Japanese woodblock print of a man dressed in traditional attire with the cahonmage hair style that is from the Edo period. The texted in the top right corner reads, "Hanakowado no Sukeroku" which is a name of a famous Kabuki actor. The man is holding something wrapped in a piece of cloth and has a pipe sitting in front of him. The print is framed in a gold metal frame with a red and white matte.
Utagawa Kunisada (1786-1865) was the most popular, prolific and commercially successful designer of ukiyo-e woodblock prints in 19th-century Japan. In his own time, his reputation far exceeded that of his contemporaries, Hokusai, Hiroshige and Kuniyoshi. While growing up, he developed an early talent for painting and drawing. His early sketches at that time impressed Toyokuni, the great master of the Utagawa school and prominent designer of kabuki and actor-portrait prints. His first known print dates to the year 1807; however this seems to have been an exceptional design, and further full-sized prints appear starting only in 1809–1810. As of 1808 he had already begun work as an illustrator of e-hon (woodblock print illustrated books) and his popularity rapidly increased. Kunisada remained one of the "trendsetters" of the Japanese woodblock print until his death in early 1865.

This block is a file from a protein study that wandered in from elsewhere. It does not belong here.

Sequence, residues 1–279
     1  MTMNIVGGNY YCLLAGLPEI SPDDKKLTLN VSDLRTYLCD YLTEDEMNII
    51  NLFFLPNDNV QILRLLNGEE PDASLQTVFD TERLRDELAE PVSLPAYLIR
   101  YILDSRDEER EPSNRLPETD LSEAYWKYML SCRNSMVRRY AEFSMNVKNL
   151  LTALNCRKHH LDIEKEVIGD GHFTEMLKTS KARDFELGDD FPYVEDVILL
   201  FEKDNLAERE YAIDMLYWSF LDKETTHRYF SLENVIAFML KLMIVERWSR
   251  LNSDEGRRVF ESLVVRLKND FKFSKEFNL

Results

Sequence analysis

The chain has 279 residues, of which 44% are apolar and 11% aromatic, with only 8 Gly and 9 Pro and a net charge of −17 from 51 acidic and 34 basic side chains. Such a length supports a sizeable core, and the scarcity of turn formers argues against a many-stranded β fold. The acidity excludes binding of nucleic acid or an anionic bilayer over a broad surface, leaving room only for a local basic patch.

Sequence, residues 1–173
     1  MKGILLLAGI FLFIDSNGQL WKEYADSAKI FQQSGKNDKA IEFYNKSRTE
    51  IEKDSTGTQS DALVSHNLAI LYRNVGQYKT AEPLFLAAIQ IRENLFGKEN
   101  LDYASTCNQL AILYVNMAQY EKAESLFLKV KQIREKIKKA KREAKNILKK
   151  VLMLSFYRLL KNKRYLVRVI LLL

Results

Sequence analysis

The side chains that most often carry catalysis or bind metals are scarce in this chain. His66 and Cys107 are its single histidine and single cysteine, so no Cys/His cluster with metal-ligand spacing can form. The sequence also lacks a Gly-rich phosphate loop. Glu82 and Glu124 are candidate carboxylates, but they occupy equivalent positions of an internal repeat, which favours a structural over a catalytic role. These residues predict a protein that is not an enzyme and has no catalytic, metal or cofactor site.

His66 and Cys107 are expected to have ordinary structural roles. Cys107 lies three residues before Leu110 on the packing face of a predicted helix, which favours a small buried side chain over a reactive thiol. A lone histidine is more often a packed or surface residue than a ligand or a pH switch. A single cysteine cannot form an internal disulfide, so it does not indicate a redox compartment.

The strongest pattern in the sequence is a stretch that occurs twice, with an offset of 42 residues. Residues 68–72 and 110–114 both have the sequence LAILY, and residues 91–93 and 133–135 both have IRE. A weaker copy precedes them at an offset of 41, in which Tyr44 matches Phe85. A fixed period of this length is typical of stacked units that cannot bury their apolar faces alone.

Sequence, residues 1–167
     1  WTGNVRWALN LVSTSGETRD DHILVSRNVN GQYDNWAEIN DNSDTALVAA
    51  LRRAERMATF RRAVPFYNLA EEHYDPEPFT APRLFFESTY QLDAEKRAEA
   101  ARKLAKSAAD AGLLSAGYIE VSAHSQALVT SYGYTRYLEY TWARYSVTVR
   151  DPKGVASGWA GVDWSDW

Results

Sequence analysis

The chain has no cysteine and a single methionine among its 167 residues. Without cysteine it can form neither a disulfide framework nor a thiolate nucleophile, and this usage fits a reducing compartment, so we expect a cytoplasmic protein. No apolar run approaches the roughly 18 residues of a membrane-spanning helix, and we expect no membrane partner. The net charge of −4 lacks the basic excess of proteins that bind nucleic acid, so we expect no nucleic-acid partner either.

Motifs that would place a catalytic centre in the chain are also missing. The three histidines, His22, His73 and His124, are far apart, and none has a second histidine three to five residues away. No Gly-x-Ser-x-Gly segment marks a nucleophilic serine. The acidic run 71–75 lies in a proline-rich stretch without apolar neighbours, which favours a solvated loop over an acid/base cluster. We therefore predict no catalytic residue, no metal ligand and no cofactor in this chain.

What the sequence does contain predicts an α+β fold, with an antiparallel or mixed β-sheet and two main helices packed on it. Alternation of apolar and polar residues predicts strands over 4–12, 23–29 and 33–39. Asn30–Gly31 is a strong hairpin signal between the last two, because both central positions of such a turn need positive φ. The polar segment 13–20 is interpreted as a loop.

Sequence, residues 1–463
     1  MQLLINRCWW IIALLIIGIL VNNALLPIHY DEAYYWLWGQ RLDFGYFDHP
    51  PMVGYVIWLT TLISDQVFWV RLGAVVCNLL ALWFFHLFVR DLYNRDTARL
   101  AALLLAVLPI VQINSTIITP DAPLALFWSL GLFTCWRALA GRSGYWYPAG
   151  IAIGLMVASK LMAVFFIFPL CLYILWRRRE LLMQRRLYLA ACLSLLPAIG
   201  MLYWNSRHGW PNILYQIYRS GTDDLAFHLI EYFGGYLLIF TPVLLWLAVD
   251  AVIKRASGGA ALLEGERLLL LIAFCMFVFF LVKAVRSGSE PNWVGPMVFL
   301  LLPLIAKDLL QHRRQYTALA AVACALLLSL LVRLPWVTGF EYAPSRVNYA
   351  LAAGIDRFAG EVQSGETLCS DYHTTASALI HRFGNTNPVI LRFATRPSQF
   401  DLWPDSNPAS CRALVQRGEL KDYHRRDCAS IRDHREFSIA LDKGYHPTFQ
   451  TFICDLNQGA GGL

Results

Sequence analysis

H 21 in. x W 15.75 in. x D 1.5 in.